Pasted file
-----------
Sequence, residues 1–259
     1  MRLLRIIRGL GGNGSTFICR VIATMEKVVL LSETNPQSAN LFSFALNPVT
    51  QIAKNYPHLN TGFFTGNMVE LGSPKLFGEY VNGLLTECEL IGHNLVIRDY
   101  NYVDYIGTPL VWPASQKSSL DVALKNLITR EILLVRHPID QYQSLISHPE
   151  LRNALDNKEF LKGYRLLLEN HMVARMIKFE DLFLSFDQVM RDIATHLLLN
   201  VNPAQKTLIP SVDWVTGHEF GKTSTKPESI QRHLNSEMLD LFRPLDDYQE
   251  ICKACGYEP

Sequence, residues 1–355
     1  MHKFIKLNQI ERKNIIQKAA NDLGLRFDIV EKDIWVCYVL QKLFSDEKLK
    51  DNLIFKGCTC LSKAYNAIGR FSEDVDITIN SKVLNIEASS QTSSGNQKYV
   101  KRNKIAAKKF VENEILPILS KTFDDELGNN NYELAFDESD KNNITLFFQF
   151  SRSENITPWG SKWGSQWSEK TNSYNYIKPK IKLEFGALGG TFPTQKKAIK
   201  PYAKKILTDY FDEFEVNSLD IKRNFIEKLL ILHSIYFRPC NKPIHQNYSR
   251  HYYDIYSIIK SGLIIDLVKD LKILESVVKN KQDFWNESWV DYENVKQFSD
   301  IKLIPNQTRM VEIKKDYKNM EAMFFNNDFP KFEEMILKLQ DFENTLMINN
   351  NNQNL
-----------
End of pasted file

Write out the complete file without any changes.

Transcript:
Sequence, residues 1–259
     1  MRLLRIIRGL GGNGSTFICR VIATMEKVVL LSETNPQSAN LFSFALNPVT
    51  QIAKNYPHLN TGFFTGNMVE LGSPKLFGEY VNGLLTECEL IGHNLVIRDY
   101  NYVDYIGTPL VWPASQKSSL DVALKNLITR EILLVRHPID QYQSLISHPE
   151  LRNALDNKEF LKGYRLLLEN HMVARMIKFE DLFLSFDQVM RDIATHLLLN
   201  VNPAQKTLIP SVDWVTGHEF GKTSTKPESI QRHLNSEMLD LFRPLDDYQE
   251  ICKACGYEP

Sequence, residues 1–355
     1  MHKFIKLNQI ERKNIIQKAA NDLGLRFDIV EKDIWVCYVL QKLFSDEKLK
    51  DNLIFKGCTC LSKAYNAIGR FSEDVDITIN SKVLNIEASS QTSSGNQKYV
   101  KRNKIAAKKF VENEILPILS KTFDDELGNN NYELAFDESD KNNITLFFQF
   151  SRSENITPWG SKWGSQWSEK TNSYNYIKPK IKLEFGALGG TFPTQKKAIK
   201  PYAKKILTDY FDEFEVNSLD IKRNFIEKLL ILHSIYFRPC NKPIHQNYSR
   251  HYYDIYSIIK SGLIIDLVKD LKILESVVKN KQDFWNESWV DYENVKQFSD
   301  IKLIPNQTRM VEIKKDYKNM EAMFFNNDFP KFEEMILKLQ DFENTLMINN
   351  NNQNL